Yellowstone Hot Springs

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Yellowstone Hot Springs

What are hot springs?

Hot springs are geothermal springs that are substantially higher in temperature than the air temperature of the surrounding region. [1]

Creation of Hot Springs

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Where is Yellowstone?

Yellowstone is a U.S. National Park located in Wyoming, Montana, and Idaho. It is also America's first national park; and is a home to a large variety of wildlife including grizzly bears, wolves, bison, and elk. Preserved within Yellowstone National Park are Old Faithful and a collection of the world's most extraordinary geysers and hot springs, and the Grand Canyon of the Yellowstone. [2]

Creation of Yellowstone Hot Springs

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Adjacent Communities

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What Microbes Live in Yellowstone Hot Springs?

Thermophiles

Yellowstone Hot Spring Regions

Lower Geyser Basin
Mushroom Springs
Octopus Springs
Norris Geyser Basin
Green Dragon Springs
Beowulf Springs
Mammoth Hot Springs
Bath Lake

Hot Springs of Other Countries

    Situated on the fault between the North American and European plates, Iceland is volcanically and geologically active with numerous geothermal features, such as hot springs, mud pots, geysers, and fumaroles. Geothermal hot springs in Iceland are divided into high temperature fields and low temperature fields. High temperature areas, which are only found on the active volcanic rift zones, have temperatures of at least 150°C with a heat source of magma chamber. The low temperature fields, found in the vicinity of Reykjavik, have temperatures of less than 150°C at a depth of one kilometer. These varying features provide habitats for different groups of thermophilic life. Some famous hot springs in Iceland include the one in Grindavik, and Europe’s highest flow rate hot spring Deildartunguhver, which has a flow rate of 180 liters/second emerging at 97°C. Some of the water is used for heating as energy sources.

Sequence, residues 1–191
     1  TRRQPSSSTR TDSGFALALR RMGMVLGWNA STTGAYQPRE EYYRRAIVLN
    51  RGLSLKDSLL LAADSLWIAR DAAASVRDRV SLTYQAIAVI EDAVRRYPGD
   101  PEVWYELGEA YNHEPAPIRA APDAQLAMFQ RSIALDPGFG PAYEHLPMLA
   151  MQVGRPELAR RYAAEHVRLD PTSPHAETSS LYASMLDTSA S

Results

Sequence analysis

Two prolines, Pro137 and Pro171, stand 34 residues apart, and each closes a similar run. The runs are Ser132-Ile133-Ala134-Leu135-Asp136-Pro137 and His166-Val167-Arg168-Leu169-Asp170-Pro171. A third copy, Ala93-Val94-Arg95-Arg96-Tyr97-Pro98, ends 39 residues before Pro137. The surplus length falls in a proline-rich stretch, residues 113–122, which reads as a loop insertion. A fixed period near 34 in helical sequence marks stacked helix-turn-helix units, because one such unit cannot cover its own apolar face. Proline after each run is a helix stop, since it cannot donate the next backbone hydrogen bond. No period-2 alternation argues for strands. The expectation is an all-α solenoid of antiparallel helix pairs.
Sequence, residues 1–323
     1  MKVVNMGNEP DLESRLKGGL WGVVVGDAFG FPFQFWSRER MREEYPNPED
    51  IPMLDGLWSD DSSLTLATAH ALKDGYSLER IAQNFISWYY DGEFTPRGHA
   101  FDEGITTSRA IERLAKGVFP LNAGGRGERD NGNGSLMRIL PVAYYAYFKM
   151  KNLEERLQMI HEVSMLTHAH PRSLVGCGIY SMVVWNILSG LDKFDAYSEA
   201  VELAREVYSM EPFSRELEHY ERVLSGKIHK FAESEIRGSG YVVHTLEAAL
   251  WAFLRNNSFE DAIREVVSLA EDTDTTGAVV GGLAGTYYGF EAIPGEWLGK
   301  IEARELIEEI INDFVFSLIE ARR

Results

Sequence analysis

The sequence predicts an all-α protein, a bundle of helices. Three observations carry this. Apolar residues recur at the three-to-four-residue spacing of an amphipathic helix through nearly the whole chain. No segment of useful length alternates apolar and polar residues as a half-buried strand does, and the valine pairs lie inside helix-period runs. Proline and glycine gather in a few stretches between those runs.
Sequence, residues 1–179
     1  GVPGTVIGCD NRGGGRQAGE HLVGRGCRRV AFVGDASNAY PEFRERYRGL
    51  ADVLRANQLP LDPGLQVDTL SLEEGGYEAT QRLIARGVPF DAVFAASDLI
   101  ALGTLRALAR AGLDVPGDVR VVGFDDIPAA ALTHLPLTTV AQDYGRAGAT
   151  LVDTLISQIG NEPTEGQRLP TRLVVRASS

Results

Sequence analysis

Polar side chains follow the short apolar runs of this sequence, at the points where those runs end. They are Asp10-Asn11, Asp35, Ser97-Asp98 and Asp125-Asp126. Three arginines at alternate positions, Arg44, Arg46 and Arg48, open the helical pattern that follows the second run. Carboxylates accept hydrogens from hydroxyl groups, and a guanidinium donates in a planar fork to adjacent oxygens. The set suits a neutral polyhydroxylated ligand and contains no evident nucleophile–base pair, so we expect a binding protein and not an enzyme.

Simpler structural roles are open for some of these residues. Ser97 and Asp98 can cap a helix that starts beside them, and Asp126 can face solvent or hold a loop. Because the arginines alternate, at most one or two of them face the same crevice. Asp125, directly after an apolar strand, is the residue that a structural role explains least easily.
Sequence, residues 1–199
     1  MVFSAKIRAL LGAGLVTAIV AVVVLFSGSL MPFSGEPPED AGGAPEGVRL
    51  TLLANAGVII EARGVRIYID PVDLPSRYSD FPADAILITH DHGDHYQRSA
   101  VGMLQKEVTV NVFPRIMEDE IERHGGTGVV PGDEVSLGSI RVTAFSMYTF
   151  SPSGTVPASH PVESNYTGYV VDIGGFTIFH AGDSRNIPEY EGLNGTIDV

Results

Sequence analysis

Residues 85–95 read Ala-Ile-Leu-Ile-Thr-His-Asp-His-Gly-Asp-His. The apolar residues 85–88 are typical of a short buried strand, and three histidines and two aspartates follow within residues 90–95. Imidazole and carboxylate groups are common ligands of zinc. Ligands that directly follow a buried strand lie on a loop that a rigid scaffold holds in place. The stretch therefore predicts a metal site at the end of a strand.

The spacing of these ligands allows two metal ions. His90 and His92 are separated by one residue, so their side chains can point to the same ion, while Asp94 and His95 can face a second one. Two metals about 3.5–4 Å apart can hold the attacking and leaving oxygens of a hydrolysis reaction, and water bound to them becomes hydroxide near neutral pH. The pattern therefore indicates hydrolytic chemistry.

Unique Facts

Current Research

References

[1] "hot spring." Encyclopædia Britannica. 2008. Encyclopædia Britannica Online. 26 Aug. 2008.

[2] Yellowstone National Park (U.S. National Park Service). 01 Aug. 2008. National Park Service. 26 Aug. 2008.

Boyd, E. S., Jackson, R. A., Encarnacion, G., Zahn, J.A., Beard, T., Leavitt, W. D., Pi, Y., Zhang, C. L., Pearson, A., and Geesey G. G. Isolation. Characterization, and Ecology of Sulfur-Respiring Crenarchaea Inhabiting Acid-Sulfate-Chloride-Containing Geothermal Springs in Yellowstone National Park. Appl. Environmental Microbiol. October 15, 2007; 73(20): 6669 - 6677
D'Imperio, S., Lehr, C. R., Breary, M., McDermott, T. R. Autecology of an Arsenite Chemolithotroph: Sulfide Constraints on Function and Distribution in a Geothermal Spring Appl. Environ. Microbiol. 2007 73: 7067-7074
Kozubal, M., Macur, R. E., Korf, S., Taylor, W. P., Ackerman, G. G., Nagy, A., Inskeep, W. P. Isolation and Distribution of a Novel Iron-Oxidizing Crenarchaeon from Acidic Geothermal Springs in Yellowstone National Park. Appl. Environ. Microbiol. 2007 0: AEM.01200-07
White, D. E., Hutchinson, R. A. & Keith, T. E. C. The geology and remarkable thermal activity of Norris Geyser Basin, Yellowstone National Park, Wyoming. US Geol. Surv. Prof. Pap. 1456, 1–84 (1988)

Edited by [Yu-Chen Chiu, Ngoc Dinh, Jenny Lee, Christina Pham, Lucas Puttock, Naon Shin], students of Rachel Larsen